Kathmandu to Bhulbule; Bus roofs and low-hanging power-lines

Today’s the big day - the start of our Himalayan trek. We were supposed to leave early in the morning. The flesh was willing, but the spirit was weak, I’m afraid, and we didn’t get to Kathmandu’s bus stand until a couple of hours after we’d meant to. Even after we’d got tickets and found the right bus, it didn’t leave for another half-hour. It was the usual Nepali rattletrap death-machine and the atmosphere was definitely enhanced by the old man asking wordlessly for money to fix his missing front teeth. When the bus finally left it took forever to negotiate Kathmandu’s demented traffic and make its way out to the highway.

The trip was six hours long and immensely boring. I hadn’t packed a book or my iPod so I had nothing to do except stare vacantly out the window and pray that the bus wouldn’t plunge off the steep corkscrewing road to the valley floor. It didn’t help that for the first three or four hours we were retracing the very same route we’d taken to get to Kathmandu in the first place a week earlier - there are only two highways in Nepal. One leads from the western border to the eastern along the southern lowlands and the other splits off from that one in the middle of the country and heads northeast to Kathmandu. So heading away from Kathmandu again all the scenery was familiar until we got to the highway junction at Narayangarh and split off to the northwest for Besisahar. Mountains make travelling very difficult. The only entertainment I had was the occasional chat with a local, most of whom were intrigued by the idea of someone willingly torturing themselves by walking 300 kilometres with a heavy pack and wanted to see the route map.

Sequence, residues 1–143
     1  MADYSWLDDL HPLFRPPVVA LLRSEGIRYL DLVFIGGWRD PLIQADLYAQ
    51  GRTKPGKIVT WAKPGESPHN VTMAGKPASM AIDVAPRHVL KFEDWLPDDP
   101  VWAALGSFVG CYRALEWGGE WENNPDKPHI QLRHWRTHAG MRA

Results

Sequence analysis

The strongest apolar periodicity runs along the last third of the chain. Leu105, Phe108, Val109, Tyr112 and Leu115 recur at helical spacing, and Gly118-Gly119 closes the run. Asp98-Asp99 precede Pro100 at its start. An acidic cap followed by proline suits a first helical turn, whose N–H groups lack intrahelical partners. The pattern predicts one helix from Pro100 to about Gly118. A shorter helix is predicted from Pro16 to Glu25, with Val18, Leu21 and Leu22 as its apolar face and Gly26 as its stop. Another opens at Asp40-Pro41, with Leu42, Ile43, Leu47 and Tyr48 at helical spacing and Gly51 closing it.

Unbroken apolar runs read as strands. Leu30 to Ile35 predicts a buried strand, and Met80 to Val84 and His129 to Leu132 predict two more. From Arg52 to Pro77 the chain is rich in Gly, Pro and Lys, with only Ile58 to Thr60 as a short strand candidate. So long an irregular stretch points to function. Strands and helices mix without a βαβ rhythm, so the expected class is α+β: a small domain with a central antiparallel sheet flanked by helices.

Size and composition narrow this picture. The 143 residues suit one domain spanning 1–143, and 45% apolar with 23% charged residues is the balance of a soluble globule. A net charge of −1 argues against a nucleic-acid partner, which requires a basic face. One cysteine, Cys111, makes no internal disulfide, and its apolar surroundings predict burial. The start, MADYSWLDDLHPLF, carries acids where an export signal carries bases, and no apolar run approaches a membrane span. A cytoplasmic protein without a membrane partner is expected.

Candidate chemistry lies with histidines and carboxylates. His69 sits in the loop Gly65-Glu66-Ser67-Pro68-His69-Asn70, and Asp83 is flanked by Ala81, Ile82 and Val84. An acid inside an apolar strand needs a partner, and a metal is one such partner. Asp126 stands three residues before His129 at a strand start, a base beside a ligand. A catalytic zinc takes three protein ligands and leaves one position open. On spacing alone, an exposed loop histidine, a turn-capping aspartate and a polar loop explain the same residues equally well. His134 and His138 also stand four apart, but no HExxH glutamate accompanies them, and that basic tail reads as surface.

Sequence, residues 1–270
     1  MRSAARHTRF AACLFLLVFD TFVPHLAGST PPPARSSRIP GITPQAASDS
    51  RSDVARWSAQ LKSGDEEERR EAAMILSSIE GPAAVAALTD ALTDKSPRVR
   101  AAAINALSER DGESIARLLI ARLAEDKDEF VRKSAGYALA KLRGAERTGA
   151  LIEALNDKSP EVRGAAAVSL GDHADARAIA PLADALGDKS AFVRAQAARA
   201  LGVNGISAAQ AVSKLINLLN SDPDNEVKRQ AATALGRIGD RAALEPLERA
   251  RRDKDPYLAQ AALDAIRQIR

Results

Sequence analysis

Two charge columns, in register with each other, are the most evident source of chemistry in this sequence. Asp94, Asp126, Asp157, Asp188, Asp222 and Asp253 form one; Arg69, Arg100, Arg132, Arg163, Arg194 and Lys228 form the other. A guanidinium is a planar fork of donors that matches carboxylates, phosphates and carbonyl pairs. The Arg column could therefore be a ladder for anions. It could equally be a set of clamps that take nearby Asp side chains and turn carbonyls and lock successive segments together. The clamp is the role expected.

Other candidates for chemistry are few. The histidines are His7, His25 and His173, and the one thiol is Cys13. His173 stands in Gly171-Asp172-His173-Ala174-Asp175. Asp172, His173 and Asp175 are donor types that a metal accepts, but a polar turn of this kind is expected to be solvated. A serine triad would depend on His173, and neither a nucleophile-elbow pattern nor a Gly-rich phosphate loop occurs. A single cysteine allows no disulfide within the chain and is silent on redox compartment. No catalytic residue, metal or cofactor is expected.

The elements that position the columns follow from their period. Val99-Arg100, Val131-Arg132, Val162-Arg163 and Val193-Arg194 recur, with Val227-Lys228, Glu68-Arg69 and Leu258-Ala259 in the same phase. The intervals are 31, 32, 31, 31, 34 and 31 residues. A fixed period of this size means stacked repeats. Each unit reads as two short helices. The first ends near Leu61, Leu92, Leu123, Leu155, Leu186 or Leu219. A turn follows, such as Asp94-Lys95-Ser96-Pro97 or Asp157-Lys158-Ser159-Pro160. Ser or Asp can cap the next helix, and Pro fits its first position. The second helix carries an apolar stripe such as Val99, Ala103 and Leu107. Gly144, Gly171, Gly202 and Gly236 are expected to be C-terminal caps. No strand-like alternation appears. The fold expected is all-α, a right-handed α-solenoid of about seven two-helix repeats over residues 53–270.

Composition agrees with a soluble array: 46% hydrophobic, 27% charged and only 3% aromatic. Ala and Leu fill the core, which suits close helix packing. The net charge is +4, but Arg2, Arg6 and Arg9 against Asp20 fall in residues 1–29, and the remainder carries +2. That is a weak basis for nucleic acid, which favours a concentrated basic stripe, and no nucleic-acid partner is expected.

There were two Frenchmen on the bus as well - Christian and Ben - who were doing the trek as well. They were really nice guys and we ended up doing the first half of the trek with them. Ben was tormented by a garrulous drunk who boarded the bus and wouldn’t stop talking to him. Sheryl thought it was funny until the drunk moved his attention to her. He asked the usual questions, including asking how many children we had, and when she said we didn’t have any, he decided that she was doing it wrong and started asking very personal questions and explaining in great detail how you go about making a baby. Ben, who is more of a gentleman than I am, rescued her by capturing the drunk’s attention again, and was rewarded with an even more detailed sexual interrogation. I think it was at this point that both he and Sheryl began to feign death.